Explaining Government Choices for Promoting Renewable Energy

Energy Policy 68: 15–27.

Posted: 5 Dec 2017 Last revised: 12 Dec 2017

Date Written: May 1, 2014


Many advanced industrialized countries have, in recent years, experienced a significant expansion of electricity production from renewables. Yet we know quite little about the dynamics of the underlying policy choices in this area. Using new data on adoptions and changes in feed-in tariff and green certificate schemes in 26 advanced industrialized countries over 20 years, we examine both domestic driving forces as well as international determinants. The findings suggest that three factors play a particularly important role in pushing countries towards market-based support systems: characteristics of the existing energy supply system, a federalist structure of the political system, and EU membership. Particularly noteworthy is the finding that higher shares of fossil and nuclear energy in the national energy supply as well as higher CO2 intensity of the economy do not, as we had expected, stand in the way of policies for supporting renewables in electricity production. To the contrary, they increase the likelihood of a country adopting such policies. We also find, however, that higher economic growth and higher growth in solar and wind energy capacity tend to reduce the political appetite for reforms of existing schemes.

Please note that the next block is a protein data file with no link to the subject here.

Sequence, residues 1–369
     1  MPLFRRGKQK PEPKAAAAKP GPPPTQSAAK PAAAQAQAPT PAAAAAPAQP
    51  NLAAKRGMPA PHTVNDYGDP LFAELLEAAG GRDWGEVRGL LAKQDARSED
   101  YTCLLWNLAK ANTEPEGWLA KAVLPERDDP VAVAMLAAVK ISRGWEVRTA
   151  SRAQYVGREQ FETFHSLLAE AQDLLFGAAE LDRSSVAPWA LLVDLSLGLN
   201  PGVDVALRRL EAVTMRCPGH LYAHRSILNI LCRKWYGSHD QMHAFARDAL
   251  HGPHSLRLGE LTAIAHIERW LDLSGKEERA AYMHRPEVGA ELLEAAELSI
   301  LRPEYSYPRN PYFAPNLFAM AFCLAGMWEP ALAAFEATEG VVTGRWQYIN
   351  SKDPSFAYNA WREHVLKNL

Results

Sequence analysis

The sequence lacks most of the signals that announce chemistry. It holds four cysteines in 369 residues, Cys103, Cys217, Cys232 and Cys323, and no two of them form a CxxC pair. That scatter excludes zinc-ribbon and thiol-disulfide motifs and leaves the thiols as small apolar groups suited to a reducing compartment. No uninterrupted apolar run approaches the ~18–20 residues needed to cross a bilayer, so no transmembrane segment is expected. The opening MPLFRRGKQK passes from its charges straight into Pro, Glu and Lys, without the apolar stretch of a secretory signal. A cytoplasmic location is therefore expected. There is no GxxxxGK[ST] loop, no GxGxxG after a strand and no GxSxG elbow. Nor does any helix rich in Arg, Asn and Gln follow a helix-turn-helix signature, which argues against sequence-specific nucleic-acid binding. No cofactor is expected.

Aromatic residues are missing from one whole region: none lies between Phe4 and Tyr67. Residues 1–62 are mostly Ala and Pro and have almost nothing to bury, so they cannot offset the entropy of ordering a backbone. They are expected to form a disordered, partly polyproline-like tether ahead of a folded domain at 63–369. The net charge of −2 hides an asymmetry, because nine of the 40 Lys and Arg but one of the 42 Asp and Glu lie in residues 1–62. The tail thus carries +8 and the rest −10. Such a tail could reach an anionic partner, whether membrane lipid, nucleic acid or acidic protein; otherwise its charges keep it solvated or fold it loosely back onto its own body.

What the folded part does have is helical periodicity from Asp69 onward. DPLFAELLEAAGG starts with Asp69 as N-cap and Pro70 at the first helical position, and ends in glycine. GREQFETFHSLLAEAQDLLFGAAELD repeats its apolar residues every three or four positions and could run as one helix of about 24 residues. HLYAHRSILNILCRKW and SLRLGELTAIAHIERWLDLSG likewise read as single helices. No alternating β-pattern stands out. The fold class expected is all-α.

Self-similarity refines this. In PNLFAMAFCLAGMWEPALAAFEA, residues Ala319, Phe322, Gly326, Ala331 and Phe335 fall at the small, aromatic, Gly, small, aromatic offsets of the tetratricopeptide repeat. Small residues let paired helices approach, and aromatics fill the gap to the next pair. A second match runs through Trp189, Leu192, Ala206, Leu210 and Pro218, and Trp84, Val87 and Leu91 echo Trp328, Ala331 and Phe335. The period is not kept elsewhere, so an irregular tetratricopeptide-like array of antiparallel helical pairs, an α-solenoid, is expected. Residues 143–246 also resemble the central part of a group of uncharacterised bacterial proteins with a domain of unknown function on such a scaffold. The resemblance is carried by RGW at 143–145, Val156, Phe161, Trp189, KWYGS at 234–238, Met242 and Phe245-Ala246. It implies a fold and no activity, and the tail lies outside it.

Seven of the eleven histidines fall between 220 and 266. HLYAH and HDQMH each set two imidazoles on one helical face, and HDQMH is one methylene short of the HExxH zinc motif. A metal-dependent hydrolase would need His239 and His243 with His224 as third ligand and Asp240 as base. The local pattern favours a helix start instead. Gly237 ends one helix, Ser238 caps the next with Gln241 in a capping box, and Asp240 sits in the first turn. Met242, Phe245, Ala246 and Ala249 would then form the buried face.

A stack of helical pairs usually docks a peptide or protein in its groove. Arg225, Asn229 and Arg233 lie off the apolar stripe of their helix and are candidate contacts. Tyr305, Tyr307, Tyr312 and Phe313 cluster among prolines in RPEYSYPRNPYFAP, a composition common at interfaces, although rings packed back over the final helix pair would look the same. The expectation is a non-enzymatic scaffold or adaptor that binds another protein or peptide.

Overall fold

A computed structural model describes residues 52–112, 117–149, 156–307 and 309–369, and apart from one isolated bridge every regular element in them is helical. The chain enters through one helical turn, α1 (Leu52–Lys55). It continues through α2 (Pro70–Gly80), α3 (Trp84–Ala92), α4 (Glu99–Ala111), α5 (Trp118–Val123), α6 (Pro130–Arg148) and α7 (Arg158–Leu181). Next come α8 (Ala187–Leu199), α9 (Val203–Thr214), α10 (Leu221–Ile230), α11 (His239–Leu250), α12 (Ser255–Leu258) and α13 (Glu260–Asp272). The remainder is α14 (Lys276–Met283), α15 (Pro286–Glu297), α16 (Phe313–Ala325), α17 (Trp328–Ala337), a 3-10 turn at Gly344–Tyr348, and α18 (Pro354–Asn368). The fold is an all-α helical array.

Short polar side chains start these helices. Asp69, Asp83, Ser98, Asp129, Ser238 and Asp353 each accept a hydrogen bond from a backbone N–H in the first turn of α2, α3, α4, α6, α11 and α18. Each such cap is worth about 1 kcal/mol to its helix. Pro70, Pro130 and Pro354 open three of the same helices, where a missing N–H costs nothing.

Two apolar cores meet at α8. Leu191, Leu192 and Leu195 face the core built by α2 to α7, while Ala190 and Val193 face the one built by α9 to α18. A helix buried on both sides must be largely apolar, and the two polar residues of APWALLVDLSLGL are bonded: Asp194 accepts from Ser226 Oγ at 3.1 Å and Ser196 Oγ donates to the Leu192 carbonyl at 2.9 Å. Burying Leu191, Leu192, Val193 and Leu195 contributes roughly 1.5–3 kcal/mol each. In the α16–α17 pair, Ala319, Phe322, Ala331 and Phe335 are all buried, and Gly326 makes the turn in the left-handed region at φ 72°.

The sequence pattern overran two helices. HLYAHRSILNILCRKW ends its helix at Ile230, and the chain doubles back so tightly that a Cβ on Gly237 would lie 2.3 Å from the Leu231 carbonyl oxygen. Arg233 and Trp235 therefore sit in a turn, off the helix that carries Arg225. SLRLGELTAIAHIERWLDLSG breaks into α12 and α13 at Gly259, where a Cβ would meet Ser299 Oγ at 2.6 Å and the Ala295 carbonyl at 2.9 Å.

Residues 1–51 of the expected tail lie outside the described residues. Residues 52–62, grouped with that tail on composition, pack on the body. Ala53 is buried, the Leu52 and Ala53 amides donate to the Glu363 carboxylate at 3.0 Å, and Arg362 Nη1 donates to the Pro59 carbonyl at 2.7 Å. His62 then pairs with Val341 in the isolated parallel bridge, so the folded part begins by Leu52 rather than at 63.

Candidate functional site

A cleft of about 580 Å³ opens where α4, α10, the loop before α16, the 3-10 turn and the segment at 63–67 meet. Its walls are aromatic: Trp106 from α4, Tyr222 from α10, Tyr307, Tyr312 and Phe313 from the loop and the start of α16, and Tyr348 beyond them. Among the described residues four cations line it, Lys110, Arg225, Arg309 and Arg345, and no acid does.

Keywords: Renewable energy policy, Feed-in tariffs, Green certificate system

Suggested Citation

Schaffer, Lena M. and Bernauer, Thomas, Explaining Government Choices for Promoting Renewable Energy (May 1, 2014). Energy Policy 68: 15–27., Available at SSRN: https://ssrn.com/abstract=3080288

Lena M. Schaffer (Contact Author)

ETH Zürich ( email )

Haldeneggsteig 4
Zürich, 8092

Thomas Bernauer

ETH Zurich ( email )

Center for Comparative and International Studies
Building IFW, office 45.1, Haldeneggsteig 4
Zurich 8092, 8092
+41 44 632 6466 (Phone)
+41 44 632 1289 (Fax)

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